Flannel: Short Story Part 2 of 4

I answered the phone and could tell something horrible had happened. My mom had a steady voice, calm, and monotone like. She said, “Mary. Your father passed away sometime last night. I found him in his chair this mornin. The lord has taken him home.”

Words failed me, as a shrill wave of panic gushed through my insides. I hadn’t had time to tell him, he would have protected me from this awful secret I hold. My mother will never accept the situation I find myself in. My Mother’s unwelcome news feels fake, like she was telling me a lie on purpose to get under my skin. My father and I were always close, he is my best friend, whereas my mother and I mixed together like oil and water. It always amazed me that I could be born from her body, yet be so completely different both inside and out.

I hesitated on the phone with her, she interrupted, as my heart emptied silently, “Mary? Did you hear me girl? He’s dead. Your father is dead.”

“I heard you, Mama. I’ll pack my things and get down there by this evenin.” I hung up my phone, missing the receiver the first time with a loud clank. The telephone cord tangled around my hand and arm as I fumbled, struggling to grasp it, I let out a slew of curses before I finally hung up the phone. As soon as the lifeline between my mother and I ended, I felt myself fall, hard. The wooden floor didn’t hurt when my knees struck it, however. My hands came out in front and I folded into a fetal position, and cried hard, with only myself to comfort.

I began packing my bags and prepared to be gone for a few days by overwatering the plants and overfeeding the cat. Quickly leaving a phone message for my neighbor to look out for things, including the cat, I walked out of my apartment. Closing the door felt final and surreal. I was going to have to face a lot of things in just a few hours, my fight or flight was trying to decide which answer to go with. I bit back tears and took a sharp breath in; time to get moving. It would be a 4-hour drive from Northern Atlanta down to the country where my parents were. During this time, I told myself, I would come up with a plan and stick to it.

It still being winter the sun began to set around 5pm. The stupid sun reminded me that no matter what happened during the day, another day would come. A new day that my father would never know. The sun wasn’t supposed to rise without him here to see another day. Tears roll freely now, with nothing audible to accompany them, just wet streams down my plump face. Today I would be forced to see my mother and my brother. At least my brother would be there to ease things along. The decision to tell my family what I had been hiding for the last four months was stuck in my throat.

Three and a half hours later I managed to stuff my face with Twinkies and Ding Dongs, dulling the pain just enough to convince my hands and feet to keep driving. Arriving at my parents’ house felt foreign. Instantly the feeling of love and safety of my childhood home vanished. It was as if my father packed them in his bag and took them up to heaven with him. I couldn’t help but to feel angry about his betrayal.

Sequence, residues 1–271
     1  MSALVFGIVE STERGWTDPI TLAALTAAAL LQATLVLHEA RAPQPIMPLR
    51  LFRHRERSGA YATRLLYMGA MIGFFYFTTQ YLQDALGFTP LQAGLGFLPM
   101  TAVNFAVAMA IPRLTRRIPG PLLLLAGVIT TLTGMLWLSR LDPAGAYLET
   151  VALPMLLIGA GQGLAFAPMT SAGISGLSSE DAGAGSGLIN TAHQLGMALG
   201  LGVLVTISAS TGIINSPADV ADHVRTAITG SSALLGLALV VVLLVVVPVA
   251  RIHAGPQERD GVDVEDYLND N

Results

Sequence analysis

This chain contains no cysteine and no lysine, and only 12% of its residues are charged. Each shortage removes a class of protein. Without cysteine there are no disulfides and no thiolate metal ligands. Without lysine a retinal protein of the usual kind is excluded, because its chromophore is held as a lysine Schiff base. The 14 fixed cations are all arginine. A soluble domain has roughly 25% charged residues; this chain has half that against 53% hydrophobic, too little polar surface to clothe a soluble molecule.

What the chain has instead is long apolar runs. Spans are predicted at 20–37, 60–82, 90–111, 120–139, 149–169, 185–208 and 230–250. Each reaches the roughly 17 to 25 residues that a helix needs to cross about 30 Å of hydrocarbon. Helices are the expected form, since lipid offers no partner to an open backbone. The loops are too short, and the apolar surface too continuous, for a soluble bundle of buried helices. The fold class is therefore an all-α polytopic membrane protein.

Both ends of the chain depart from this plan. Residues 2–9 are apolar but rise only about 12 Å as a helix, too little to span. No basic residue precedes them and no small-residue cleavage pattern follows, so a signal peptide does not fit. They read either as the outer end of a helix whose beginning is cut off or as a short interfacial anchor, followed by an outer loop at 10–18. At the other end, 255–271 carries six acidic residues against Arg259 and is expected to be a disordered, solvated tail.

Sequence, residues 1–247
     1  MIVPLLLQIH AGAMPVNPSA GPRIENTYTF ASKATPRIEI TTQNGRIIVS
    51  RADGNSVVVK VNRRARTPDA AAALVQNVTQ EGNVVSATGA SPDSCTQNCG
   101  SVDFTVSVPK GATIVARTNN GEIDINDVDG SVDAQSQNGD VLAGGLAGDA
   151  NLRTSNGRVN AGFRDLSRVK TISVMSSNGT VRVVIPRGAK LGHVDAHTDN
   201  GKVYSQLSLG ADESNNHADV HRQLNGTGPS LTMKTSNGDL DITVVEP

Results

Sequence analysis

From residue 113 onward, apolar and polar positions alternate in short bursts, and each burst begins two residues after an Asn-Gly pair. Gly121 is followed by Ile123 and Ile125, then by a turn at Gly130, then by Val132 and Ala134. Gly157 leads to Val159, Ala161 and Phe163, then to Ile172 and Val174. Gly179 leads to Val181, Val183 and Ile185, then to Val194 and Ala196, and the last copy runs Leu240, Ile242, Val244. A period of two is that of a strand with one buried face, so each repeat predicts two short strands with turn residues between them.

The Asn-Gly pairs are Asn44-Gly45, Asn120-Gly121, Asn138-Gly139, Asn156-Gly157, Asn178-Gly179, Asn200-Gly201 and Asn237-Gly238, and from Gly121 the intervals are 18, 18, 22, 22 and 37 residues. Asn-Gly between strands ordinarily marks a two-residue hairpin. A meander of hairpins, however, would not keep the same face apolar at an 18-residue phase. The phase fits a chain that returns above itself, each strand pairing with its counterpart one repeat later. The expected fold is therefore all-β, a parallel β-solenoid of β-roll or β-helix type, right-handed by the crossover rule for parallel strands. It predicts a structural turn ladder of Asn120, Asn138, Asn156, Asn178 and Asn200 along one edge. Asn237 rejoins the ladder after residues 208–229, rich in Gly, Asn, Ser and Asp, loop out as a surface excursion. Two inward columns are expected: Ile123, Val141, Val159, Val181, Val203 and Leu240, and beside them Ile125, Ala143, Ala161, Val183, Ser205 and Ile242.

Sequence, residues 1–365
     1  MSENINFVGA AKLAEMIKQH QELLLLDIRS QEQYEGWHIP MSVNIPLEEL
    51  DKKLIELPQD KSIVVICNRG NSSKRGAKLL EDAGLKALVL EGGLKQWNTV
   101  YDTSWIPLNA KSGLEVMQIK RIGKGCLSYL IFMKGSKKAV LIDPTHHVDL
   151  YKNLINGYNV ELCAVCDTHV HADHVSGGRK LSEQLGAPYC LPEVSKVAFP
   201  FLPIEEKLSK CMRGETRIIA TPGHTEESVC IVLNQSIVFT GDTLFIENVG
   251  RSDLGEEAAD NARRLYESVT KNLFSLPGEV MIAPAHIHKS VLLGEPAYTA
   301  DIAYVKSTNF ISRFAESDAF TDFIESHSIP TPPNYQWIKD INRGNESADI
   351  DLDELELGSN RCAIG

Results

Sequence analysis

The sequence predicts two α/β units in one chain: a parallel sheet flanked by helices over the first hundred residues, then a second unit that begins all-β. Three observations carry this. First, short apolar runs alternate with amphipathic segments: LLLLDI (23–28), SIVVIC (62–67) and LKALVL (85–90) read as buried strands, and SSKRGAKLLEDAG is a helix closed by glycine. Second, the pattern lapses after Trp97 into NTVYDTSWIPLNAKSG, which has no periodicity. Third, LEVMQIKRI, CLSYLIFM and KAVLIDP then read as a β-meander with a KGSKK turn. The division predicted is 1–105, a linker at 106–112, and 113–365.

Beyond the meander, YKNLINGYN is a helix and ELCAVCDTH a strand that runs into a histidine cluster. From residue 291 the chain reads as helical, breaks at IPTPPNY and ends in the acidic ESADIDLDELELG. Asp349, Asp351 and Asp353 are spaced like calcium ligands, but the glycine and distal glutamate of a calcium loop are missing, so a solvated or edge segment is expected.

Once inside my mother was stiff, but open to an embrace. We spent an hour or so talking about what Daddy would have wanted and what would happen to Mama since she didn’t own the house. My brother insisted she come stay with him, which was a relief. However, Mama told us she would go with her sister, not far from here, she was also a widow and they could look after each other.

The next few days blurred together, like a robot on a pre-programmed course. I shook hands with family and friends, embraced many I never met, wiped lipstick off my face several times from all the cheek kissing. The room smelled of laborers, casserole dishes, and old lady perfume. My stomach was churning; I just wanted to be alone in his house.

When we were finally alone and packing up the house, I came across old mementos that sent my heart spilling out of my eyes again. My mom caught me in one of these moments. She put down a box she had been carrying and sat down on the bed next to me, rubbing my shoulder, I experienced an act of kindness so rare for her.

“Now I know we don’t always see eye to eye, but Mary, he loved you so much. We both do – or did,” Mama waved her hands in front of her face, unsure of her words. “I knew he would want you to have a few of his things. I also, hope that you and I remain close, even though he won’t be around me no more.”

With that my mom handed me the box, on top was a red flannelled shirt, not hardly worn. I looked at the shirt and felt puzzled. She saw that I struggled for the connection.

“I hope it’s okay, that was one of his new shirts,” she let out a soft chuckle. “He thought he was pretty spiffy in that red one. He wore it more than the others. This is the shirt he passed in. Oh! I did warsh it,” she explained.

“Mama. Thank you. If this is the last thing that he breathed life into than I’ll hold it close to my heart forever,” I said with all sincerity. My mind shouted out me, TELL HER NOW!! But I couldn’t. The secret was too painful. Sitting there holding my dad’s shirt, I held it up to my nose and breathed it in. I could still make out the tobacco, even after it was washed. I also knew what I had to do, and the thought of it flooded my chest with a burst of tears. My mother held me and let me heave sobs into her neck. This is the only time she has ever comforted me, which solidified what I needed to do.

 

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